Schools of thought
- IPL spot-fixing case: Net widens, police watching 3 more players, other bookies
- IPL 2013: Imperious Brad Hodge powers Rajasthan Royals to qualifier
- Sonia Gandhi, PM Manmohan Singh slam BJP for disrupting Parliament, stalling bills
- IPL spot-fixing: 'Bookie' Vindoo was close to BCCI chief's son-in-law, say cops
- Jessica Lall case: Shayan Munshi to face perjury trial
With its Gini coefficient (rate of national income inequality) accelerating alongside its growth rate, it is time India took stock of its unequal society. However, for affirmative action to redress inequalities and reach disadvantaged targets, cold hard facts need to come before cold hard cash — which groups are discriminated against? Why? By how much? Caste in a Different Mould: Understanding the Discrimination by Rajesh Shukla, Sunil Jain and Preeti Kakkar (BS Books, Rs 895) attempts to fill that "data vacuum" with statistics on the way different caste groups spend, save and consume.
Inequality is the arbiter of urban housing, public space and transport projects from Bombay to Bangladesh, according to Accumulation by Dispossession edited by Swapna Banerjee-Guha (Sage, Rs 695). It's a grim title, but that's perhaps fitting for this account of the urban dystopias we inhabit, in thrall to those insatiable monsters so beloved of Public Works Departments: "Singaporisation" and "Beautification".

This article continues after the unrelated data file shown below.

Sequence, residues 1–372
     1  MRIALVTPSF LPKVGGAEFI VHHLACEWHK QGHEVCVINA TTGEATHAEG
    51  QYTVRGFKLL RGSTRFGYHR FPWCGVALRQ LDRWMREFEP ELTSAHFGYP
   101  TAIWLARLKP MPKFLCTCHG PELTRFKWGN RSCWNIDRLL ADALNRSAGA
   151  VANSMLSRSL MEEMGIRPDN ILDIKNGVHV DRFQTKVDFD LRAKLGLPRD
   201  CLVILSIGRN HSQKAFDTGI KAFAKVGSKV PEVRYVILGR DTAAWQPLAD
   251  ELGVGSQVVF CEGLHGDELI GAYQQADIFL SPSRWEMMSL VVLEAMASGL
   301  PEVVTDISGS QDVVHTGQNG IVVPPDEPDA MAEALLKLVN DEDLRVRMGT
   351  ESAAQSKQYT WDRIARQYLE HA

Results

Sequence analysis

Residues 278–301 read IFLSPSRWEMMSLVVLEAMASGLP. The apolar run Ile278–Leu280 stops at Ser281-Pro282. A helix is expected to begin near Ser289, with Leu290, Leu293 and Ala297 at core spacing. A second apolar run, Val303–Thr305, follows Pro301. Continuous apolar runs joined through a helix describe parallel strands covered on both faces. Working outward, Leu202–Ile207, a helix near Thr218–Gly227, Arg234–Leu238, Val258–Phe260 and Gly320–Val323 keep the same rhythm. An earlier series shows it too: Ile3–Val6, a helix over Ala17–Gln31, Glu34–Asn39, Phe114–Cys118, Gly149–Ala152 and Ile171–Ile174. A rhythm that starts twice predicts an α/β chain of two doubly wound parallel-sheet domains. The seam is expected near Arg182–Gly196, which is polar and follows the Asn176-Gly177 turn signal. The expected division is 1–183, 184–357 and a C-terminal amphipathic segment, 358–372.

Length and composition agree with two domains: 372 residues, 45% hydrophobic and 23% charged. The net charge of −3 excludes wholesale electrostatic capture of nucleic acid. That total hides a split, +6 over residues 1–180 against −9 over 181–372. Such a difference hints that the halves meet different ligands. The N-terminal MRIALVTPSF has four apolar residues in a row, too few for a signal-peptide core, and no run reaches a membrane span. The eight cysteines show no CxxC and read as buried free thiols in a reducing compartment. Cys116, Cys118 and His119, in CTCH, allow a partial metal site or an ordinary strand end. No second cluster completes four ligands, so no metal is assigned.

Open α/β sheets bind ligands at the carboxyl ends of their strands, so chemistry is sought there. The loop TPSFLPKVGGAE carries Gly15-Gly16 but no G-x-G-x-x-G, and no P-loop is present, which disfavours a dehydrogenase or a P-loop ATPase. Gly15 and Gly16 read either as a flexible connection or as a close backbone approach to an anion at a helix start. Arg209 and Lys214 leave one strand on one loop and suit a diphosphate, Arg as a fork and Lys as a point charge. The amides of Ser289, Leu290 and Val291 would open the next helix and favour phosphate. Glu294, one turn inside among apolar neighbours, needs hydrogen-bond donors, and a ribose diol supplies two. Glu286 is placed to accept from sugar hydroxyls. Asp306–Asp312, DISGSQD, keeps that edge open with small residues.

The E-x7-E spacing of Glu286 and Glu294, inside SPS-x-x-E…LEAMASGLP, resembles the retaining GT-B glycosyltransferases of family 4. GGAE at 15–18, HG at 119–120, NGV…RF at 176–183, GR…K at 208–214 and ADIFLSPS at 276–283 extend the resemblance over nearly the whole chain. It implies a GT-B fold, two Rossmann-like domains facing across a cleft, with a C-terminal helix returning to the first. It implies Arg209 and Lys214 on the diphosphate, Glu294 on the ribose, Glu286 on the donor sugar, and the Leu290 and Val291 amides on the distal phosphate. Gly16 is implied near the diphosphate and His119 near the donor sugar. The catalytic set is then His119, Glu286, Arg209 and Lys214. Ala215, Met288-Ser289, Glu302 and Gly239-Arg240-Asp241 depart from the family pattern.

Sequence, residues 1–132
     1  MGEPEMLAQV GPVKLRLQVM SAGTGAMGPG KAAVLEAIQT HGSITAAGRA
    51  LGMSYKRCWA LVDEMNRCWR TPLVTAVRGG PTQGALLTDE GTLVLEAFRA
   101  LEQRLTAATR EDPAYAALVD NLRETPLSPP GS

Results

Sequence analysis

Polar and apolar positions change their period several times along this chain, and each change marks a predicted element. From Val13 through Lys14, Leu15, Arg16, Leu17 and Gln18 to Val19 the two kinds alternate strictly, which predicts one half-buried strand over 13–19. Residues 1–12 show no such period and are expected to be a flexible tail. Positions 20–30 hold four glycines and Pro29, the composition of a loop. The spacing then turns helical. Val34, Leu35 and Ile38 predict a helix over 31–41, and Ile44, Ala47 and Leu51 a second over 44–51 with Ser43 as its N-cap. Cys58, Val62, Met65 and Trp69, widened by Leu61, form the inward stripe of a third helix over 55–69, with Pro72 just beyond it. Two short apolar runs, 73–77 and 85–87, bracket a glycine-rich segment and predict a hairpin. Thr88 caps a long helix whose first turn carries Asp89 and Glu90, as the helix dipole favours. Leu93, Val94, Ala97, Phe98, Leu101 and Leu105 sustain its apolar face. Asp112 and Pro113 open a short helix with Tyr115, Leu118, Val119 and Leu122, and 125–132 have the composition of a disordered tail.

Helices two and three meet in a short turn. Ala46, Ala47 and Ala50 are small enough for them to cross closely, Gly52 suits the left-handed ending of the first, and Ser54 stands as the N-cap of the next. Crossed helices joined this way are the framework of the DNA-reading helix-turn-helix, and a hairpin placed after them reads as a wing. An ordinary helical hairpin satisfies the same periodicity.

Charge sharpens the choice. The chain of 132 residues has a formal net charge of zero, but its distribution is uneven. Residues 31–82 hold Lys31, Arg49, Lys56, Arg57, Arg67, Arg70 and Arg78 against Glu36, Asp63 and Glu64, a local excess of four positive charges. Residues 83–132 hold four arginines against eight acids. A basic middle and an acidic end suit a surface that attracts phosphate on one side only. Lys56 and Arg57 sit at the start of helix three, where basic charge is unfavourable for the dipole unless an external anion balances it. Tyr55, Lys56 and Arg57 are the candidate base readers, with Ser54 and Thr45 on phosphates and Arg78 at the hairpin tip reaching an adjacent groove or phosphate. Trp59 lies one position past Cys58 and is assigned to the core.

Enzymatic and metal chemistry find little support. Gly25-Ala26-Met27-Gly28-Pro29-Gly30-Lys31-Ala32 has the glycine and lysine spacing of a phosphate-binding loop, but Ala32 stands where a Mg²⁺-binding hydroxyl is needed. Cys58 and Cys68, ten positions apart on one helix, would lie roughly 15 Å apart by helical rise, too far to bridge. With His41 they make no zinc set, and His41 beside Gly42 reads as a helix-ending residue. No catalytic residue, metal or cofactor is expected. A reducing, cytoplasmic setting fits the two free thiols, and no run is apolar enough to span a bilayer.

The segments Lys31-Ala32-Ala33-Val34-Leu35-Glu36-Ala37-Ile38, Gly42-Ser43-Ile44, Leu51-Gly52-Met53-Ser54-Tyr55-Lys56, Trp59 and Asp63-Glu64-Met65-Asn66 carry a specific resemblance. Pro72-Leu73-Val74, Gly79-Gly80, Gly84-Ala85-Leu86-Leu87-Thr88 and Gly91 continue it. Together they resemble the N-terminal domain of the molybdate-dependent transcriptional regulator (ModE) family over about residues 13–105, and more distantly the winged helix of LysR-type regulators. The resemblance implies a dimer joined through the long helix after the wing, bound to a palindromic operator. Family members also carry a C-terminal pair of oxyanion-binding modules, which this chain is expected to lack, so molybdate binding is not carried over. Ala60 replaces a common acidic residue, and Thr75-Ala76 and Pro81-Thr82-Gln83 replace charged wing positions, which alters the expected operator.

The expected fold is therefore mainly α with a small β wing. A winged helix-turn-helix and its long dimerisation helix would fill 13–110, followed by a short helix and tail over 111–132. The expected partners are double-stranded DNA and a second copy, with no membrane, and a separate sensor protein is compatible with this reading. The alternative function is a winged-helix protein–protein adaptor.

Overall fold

Our treatment of Africans and African Americans, on the other hand, could desperately do with some beautifying. Only last month, in South Delhi, a rioting mob beat up a group of Nigerians who, they were convinced, abducted and ate children. Happier instances of Indian-African American solidarity can be found in our pre-Independence past, as recounted in The End of Empires: African Americans and India by Gerald Horne (Munshiram Manoharlal Publishers, Rs 795). This bond, forged through a common history of exploitation, was then as strong as chains.
Chains — expensive, "enchanted" ones — abound in a study of Hindu televangelists and their Christian counterparts in McDonaldisation, Masala McGospel and Om Economics: Televangelism in Contemporary India by Jonathan D. James (Sage, Rs 595). The study analyses "glocal" Christian channels such as MiracleNet which are popular for their "prophetic preaching" style but solicit payments for prayers. It also examines "New Age Hinduism" — swirling planets, magic stones, mystic chants, and yoga — on channels such as Aastha and Sanskar, launched in 1993, to counter MTV and other proponents of depraved "Westernness". The fare ranges from benign and bemusing — such as close-ups of sadhus rapidly inflating and deflating stomach and chest to demonstrate correct ways of breathing — to politically fraught, such as televised reconversions. Most important of all, points out James, both sorts of channels present a faith fashioned for individualised, not community, worship.
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